* Speaking of Iron Fist: by and large, Finn Jones seemed more at ease here as billionaire brawler Danny Rand, better contained by the other pros around him and obviously given more time for fight rehearsals. My relief gave way to eye-rolling when episode 6 opened with him suddenly deciding the time for reasonable planning was over in favor of charging at the bad guys like a rhino with a dunce cap covering its eyes. This lapse back into his previous Idiot Plot proclivities of course had to happen so all the heroes would have an excuse to start fighting each other, because Hollywood has decided that’s a thing that real heroes always do now. The level-headed planning sessions were nice while they lasted. Contrasting episodes 3 and 6 show exactly what’s wrong with his character: the showrunners decided that to fill their changing needs he’s both a naive optimist and an inconsolable hothead, two character types that don’t fit well together. The former would better fill the missing emotional gap in their team lineup; the latter, a redundancy Daredevil’s already got covered.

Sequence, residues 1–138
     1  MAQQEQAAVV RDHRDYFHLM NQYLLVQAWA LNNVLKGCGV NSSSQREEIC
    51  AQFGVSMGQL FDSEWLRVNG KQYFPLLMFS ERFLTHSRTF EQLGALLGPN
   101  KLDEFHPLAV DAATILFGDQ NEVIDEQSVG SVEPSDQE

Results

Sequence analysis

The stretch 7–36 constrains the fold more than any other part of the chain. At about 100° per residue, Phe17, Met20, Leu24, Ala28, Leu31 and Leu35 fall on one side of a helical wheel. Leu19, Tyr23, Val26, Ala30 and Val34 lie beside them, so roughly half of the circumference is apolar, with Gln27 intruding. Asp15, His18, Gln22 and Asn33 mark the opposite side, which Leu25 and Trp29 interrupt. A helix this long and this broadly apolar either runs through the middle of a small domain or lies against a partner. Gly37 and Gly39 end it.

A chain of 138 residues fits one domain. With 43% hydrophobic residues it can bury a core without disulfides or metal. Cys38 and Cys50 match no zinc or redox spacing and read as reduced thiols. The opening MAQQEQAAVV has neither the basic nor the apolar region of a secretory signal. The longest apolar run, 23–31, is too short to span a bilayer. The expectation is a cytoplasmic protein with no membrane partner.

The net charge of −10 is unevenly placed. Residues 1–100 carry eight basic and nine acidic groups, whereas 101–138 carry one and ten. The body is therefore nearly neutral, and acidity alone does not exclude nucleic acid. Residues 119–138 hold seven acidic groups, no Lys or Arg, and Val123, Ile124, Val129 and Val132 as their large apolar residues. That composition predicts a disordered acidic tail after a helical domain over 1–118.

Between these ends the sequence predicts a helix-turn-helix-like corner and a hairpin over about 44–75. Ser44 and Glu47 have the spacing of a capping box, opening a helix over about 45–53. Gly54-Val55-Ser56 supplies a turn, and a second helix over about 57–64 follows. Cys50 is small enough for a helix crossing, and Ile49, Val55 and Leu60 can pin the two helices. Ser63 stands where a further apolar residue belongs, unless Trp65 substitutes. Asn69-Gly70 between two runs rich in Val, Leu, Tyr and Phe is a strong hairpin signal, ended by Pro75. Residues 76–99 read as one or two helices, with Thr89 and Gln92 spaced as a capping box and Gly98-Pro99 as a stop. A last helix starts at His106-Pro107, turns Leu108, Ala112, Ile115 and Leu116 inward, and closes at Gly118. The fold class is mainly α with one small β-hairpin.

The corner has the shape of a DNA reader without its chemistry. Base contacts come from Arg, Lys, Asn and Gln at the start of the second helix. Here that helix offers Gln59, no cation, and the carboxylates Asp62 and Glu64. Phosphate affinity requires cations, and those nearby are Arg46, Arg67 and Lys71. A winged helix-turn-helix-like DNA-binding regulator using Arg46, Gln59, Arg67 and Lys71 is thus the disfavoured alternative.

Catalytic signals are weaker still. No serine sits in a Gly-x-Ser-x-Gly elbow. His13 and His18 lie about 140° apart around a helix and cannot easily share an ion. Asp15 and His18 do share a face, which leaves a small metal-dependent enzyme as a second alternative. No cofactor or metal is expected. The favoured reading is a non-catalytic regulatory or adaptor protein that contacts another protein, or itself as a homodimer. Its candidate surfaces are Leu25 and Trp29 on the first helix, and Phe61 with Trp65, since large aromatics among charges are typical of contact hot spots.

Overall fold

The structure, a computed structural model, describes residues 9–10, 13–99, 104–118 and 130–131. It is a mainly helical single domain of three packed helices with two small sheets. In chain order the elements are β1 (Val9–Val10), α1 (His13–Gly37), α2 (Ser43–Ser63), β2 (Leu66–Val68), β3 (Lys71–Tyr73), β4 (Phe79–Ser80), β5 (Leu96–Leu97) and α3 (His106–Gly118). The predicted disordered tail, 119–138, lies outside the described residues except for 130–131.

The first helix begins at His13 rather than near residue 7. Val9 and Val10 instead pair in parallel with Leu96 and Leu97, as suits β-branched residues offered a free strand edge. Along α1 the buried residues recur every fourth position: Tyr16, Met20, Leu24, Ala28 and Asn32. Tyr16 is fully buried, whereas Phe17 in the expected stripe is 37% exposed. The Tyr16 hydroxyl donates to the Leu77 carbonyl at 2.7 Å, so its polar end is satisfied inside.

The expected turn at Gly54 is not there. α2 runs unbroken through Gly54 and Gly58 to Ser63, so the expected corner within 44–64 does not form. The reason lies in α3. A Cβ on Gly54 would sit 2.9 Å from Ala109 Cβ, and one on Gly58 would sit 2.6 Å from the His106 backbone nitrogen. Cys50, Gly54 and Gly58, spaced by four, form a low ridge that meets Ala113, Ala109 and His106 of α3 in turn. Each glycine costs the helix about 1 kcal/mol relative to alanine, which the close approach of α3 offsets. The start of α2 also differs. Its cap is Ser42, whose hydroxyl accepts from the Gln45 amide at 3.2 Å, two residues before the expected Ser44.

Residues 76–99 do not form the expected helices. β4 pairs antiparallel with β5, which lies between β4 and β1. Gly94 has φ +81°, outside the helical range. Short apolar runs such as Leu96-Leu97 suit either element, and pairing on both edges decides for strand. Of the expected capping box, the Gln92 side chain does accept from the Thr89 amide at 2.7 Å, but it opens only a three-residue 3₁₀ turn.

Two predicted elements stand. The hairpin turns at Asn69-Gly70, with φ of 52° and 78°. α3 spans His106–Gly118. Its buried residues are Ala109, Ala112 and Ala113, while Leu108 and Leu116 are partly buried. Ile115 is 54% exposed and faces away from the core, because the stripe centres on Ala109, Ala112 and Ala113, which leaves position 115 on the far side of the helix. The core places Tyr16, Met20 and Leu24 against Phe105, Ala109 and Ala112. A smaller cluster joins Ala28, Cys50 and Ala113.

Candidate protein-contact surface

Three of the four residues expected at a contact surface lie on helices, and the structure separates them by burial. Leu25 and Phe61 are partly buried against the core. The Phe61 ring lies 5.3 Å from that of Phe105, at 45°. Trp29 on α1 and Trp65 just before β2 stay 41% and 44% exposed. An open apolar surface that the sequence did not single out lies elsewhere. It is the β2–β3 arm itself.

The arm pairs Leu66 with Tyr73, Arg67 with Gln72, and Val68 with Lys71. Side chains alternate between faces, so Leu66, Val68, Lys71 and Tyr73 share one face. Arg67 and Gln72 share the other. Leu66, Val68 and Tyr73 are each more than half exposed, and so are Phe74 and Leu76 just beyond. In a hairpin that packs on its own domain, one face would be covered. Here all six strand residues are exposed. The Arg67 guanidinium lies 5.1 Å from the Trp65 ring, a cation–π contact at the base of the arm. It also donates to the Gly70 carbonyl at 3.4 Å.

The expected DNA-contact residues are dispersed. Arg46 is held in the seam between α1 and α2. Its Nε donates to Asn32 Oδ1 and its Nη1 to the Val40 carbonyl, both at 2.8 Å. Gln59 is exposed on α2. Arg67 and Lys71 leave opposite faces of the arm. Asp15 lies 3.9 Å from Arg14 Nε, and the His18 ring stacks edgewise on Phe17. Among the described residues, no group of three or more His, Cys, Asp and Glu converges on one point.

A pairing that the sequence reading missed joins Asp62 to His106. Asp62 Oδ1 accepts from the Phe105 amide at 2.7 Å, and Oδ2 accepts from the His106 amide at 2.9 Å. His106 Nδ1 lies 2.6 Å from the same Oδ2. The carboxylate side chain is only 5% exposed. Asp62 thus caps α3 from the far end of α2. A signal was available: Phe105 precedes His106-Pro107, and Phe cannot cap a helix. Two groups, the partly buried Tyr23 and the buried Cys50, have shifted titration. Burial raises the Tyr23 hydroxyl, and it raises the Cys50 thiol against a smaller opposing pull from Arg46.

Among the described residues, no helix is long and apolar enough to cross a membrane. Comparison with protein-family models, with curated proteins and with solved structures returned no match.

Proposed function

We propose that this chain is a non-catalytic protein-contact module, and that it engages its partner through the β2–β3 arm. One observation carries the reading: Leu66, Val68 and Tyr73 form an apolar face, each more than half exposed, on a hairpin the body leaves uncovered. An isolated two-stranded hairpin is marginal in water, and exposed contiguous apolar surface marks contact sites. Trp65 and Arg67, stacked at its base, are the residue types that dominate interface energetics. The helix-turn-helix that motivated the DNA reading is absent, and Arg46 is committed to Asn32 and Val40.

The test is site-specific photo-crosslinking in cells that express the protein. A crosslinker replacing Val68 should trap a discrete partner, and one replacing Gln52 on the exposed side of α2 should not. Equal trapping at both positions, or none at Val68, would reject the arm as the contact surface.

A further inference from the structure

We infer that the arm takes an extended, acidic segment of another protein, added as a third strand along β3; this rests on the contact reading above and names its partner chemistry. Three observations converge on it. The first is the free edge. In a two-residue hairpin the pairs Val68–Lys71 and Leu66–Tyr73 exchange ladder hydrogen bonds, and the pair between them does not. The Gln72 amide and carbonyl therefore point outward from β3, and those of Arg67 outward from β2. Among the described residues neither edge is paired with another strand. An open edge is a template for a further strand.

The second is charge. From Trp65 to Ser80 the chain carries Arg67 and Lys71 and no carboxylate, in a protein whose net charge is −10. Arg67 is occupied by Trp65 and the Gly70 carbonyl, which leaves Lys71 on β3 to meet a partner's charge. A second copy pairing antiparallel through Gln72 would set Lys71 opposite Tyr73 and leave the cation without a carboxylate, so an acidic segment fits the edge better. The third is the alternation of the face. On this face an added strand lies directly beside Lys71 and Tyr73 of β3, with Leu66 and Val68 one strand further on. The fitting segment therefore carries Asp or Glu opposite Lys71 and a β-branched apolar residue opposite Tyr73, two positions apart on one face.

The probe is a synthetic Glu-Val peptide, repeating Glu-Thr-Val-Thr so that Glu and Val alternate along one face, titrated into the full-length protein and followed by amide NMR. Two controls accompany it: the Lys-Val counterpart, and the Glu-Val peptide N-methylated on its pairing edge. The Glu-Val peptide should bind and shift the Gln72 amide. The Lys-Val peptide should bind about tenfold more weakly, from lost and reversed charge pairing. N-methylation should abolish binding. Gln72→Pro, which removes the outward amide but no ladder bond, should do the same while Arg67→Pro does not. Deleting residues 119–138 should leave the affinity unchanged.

* Speaking of ol’ Horn-Head: as with his two previous seasons, I love Charlie Cox’s take on Matt Murdock whenever he’s lawyering up, using his sensory powers to astonish others, or trying to get down to Serious Hero Business. But mention the name “Elektra” in a sentence and his brain turns into a living Goofy movie. Once the elevator began its descent into the Midland Capital pit, I knew where he and Elektra would end up, up to and including “dying”. Admittedly I was shocked to see the final scene pulled straight from “Born Again”, one of the definitive Daredevil stories. Now if only Elektra will stay dead or at least on permanent overseas vacation, maybe the Devil of Hell’s Kitchen can get back to being the hero his city needs and his viewers want instead of the lovesick simp with a weakness for obviously lost causes. (“Sure, she keeps murdering people in increasingly hideous ways and maybe ought to be arrested, but no seriously you guys I can change her!” Oh, Matt.)